Sundance Institute announced the expansion of the #ArtistServices Initiative, a program to help Institute alumni navigate the marketplace of independent film distribution, which was first made public during the 2011 Sundance Film Festival with an initial team-up with Kickstarter.
Since January, this collaboration has raised more than $700,000 for a total of 24 Sundance Institute alumni projects. Today’s announcement included the expansion of partners that filmmakers can now make their films available through online: iTunes, Amazon Instant Video, Hulu, Netflix, SundanceNOW, and YouTube. New Video was announced as an exclusive aggregation partner and Topspin Media will provide direct-to-fan marketing tools.
During a press breakfast with industry and alumni, Sundance Institute Executive Director Keri Putnam described the momentum of the nonprofit’s mission, “It’s that connecting artists with audiences that is particularly important today,” adding, “The Festival is a successful platform for launching work, but the landscape has changed.“ Putnam made it clear that Sundance is not becoming a distributor, but is answering the call for help to provide resources for distribution that protects filmmakers' rights.
Participants at Artist Services Press Breakfast. Photo by Alexandra Wyman.
Susan Margolin, president of New Video, spoke about the fate of artists. “The filmmaker spends 5-6 years making their film, gets into Sundance, the fairy dust settles, and there’s no distribution. That’s unacceptable. In today’s environment there’s extremely powerful platforms that can be used to distribute these works.”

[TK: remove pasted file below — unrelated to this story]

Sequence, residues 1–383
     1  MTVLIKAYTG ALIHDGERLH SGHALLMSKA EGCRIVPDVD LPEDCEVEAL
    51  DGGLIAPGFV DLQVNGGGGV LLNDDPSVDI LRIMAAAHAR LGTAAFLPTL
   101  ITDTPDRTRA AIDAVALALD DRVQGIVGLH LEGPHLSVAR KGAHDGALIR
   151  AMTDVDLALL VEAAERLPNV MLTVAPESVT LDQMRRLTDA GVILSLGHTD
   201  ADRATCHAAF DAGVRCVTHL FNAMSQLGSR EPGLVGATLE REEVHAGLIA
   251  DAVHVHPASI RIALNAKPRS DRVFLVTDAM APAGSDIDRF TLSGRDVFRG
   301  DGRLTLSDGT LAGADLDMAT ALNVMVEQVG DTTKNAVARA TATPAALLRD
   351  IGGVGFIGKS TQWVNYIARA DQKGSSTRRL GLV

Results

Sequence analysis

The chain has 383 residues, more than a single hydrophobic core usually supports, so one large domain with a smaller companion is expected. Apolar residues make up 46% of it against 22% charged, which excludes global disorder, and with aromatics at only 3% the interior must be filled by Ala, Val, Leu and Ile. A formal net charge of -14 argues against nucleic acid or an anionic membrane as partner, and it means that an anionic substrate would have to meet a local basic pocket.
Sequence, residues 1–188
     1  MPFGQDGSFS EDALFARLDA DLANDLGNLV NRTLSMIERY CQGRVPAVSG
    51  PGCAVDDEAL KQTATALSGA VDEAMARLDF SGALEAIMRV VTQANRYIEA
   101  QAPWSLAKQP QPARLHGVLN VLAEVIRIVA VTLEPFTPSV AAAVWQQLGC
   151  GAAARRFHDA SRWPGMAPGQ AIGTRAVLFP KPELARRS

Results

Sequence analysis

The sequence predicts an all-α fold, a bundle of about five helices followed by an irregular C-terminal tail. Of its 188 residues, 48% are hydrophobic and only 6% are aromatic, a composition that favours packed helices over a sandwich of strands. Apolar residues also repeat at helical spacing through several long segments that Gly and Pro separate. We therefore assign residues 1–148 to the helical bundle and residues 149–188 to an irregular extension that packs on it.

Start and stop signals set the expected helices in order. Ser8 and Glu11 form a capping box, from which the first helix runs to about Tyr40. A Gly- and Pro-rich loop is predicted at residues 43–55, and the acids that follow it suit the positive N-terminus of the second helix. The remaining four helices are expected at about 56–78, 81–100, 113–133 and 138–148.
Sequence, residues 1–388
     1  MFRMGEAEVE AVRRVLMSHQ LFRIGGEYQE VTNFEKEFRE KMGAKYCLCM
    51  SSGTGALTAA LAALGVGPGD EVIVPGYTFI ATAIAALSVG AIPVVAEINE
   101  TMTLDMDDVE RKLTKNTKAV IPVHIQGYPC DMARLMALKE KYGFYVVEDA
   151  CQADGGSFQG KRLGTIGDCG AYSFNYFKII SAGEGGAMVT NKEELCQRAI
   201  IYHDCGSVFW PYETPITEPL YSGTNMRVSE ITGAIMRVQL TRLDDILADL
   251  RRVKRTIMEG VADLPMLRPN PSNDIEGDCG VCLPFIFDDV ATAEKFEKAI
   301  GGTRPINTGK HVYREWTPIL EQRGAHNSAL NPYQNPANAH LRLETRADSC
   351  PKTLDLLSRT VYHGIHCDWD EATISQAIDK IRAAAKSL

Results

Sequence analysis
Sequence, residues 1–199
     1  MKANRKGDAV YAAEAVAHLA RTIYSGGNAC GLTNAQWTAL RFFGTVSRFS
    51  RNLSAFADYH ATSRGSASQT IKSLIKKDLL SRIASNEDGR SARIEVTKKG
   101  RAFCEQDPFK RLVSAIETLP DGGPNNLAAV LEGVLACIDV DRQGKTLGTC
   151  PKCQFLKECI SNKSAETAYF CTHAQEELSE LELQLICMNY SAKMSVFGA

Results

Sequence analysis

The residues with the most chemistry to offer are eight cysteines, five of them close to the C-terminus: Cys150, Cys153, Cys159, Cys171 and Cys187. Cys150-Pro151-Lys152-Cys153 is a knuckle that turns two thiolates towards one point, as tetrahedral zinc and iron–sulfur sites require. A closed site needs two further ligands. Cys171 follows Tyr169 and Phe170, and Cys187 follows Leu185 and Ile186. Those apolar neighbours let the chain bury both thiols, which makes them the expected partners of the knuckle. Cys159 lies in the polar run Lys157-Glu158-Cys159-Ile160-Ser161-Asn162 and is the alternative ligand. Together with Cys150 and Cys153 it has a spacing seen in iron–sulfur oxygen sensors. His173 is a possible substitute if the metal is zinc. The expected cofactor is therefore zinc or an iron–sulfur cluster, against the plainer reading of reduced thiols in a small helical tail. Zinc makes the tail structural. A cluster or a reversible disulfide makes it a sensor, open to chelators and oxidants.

Filmmaker alum Andrew Okpeaha MacLean has received many avenues of support from the Institute, from labs and grants to three Festival premieres, including his first feature On the Ice, but he too found himself uncertain about the distribution of his film.
“It’s a sobering position to be in as a filmmaker,” referring to life after his Festival premiere, but MacLean sees Artist Services as a crucial reinforcement, “These partnerships make it so much easier to take the next step.”
Institute staff Joe Beyer, director of digital initiatives, and Chris Horton, associate director of artist services, are blazing that trail for alumni which includes the launch of the new Artist Services website, a private site for alumni to access information regarding distribution platforms, funding, marketing, and educational resources.
As many Sundance alums recognize the Institute Labs tucked away in the Utah mountains as a safe place to explore their art, now they can use this private website as a safe forum to connect with other users and gain insights into the world of distributing independent films.
Festival alum Tiffany Shlain, in her enthusiasm for Artist Services, noted that she tries to not think of herself as an independent filmmaker, but rather an “inter-dependent,” which seems to be the place where this Initiative is actively heading.